The [election law] change will take effect in 2016, when Republican Sen. Mike Lee, a tea party favorite who replaced three-term incumbent Robert Bennett after a raucous 2010 convention, faces reelection. Lee was not an explicit target, backers of the election overhaul say, but his provocative actions — including a leading role in last year’s government shutdown — helped garner support for the change at the same time it soured voters on his performance.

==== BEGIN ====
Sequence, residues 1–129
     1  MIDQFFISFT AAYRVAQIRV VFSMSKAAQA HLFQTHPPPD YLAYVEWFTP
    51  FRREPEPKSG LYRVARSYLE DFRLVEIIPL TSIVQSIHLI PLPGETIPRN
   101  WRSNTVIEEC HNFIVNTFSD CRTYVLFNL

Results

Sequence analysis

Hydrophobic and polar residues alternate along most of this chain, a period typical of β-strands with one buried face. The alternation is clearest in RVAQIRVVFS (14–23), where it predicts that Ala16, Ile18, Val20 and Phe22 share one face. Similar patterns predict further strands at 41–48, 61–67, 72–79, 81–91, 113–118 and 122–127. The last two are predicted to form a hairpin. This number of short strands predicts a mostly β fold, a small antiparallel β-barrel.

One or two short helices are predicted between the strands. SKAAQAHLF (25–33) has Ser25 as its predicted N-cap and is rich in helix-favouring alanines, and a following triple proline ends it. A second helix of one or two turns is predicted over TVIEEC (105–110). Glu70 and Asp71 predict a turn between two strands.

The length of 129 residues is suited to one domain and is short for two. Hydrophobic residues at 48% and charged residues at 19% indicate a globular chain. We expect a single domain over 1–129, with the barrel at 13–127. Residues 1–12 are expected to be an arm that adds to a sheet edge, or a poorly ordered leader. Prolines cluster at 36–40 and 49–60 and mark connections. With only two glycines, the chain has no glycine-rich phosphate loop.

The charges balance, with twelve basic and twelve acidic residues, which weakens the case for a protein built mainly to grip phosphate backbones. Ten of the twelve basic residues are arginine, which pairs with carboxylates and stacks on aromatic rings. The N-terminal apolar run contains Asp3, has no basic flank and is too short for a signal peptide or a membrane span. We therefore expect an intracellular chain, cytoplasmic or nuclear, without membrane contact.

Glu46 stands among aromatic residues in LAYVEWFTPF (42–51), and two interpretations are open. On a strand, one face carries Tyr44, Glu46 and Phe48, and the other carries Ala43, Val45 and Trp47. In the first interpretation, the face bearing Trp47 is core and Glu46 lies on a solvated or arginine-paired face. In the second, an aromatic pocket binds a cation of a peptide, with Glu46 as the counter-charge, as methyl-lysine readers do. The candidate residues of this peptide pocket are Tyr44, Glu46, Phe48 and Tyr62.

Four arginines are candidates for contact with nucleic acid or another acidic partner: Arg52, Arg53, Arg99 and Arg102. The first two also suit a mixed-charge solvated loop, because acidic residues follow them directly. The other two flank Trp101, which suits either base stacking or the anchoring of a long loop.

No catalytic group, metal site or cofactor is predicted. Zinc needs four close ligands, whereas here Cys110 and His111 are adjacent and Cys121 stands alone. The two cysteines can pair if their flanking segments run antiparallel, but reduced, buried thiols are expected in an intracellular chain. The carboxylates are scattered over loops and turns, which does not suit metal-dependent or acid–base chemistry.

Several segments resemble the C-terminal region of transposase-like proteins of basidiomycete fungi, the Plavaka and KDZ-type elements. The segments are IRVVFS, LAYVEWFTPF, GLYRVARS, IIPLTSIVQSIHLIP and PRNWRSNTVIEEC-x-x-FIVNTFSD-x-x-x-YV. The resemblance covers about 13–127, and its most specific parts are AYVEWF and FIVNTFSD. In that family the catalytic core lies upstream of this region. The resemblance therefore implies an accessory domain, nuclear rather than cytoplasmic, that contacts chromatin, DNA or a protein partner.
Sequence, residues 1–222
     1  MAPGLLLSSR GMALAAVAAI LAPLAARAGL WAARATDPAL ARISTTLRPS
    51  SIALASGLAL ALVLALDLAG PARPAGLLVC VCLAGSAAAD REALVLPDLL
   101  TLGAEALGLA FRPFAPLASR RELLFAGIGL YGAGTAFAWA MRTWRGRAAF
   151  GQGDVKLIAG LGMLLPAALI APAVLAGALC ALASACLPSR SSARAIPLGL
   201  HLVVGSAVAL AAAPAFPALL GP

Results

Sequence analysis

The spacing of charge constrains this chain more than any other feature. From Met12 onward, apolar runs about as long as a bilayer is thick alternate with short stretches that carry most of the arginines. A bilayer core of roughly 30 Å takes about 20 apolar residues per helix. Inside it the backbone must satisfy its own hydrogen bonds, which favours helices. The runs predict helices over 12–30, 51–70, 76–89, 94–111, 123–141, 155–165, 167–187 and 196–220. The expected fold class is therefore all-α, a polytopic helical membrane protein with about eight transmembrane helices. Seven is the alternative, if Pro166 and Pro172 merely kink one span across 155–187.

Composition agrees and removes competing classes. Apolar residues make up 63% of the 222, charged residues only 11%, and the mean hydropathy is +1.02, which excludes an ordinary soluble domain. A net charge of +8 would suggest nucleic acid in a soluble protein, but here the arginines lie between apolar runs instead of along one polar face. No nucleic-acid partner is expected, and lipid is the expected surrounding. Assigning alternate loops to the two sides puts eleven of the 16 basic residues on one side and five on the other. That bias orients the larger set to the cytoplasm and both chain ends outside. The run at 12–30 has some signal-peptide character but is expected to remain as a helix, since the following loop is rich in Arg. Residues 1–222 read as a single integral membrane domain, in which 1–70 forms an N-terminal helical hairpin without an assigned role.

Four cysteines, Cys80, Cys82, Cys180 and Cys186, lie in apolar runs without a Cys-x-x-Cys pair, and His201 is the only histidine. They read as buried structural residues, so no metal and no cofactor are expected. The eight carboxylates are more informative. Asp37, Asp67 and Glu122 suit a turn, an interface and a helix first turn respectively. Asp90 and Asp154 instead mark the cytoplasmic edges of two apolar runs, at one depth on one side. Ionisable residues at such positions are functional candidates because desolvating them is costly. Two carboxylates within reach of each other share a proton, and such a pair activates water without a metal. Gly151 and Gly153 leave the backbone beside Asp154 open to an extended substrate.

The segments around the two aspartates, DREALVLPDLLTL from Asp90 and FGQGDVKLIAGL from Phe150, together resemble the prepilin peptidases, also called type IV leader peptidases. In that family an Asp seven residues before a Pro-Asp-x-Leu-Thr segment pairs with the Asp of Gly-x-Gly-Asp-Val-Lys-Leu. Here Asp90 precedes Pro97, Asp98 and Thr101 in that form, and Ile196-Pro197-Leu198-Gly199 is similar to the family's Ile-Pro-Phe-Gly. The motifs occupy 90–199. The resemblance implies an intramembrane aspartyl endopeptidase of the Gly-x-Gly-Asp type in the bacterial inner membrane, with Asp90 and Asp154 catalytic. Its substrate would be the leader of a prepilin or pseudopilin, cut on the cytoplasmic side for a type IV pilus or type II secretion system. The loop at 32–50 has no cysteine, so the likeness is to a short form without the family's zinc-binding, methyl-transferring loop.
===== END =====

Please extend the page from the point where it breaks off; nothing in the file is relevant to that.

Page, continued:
“It was a subtext for some people,” said Kirk Jowers, a University of Utah political scientist and cofounder of Count My Vote, the group that pushed for the new election rules. (The effort was bipartisan but Utah is in effect a one-party Republican state, so the impact will be much greater on the GOP side.)
Arcane as it may seem, the overhaul is part of a larger move by the Republican establishment to reassert itself, from Capitol Hill — where GOP leaders put an end to months of tea-party-led brinkmanship — to roughly a dozen House and Senate races across the country, where business groups and their allies are working against tea partyers to elect more compromise-minded candidates.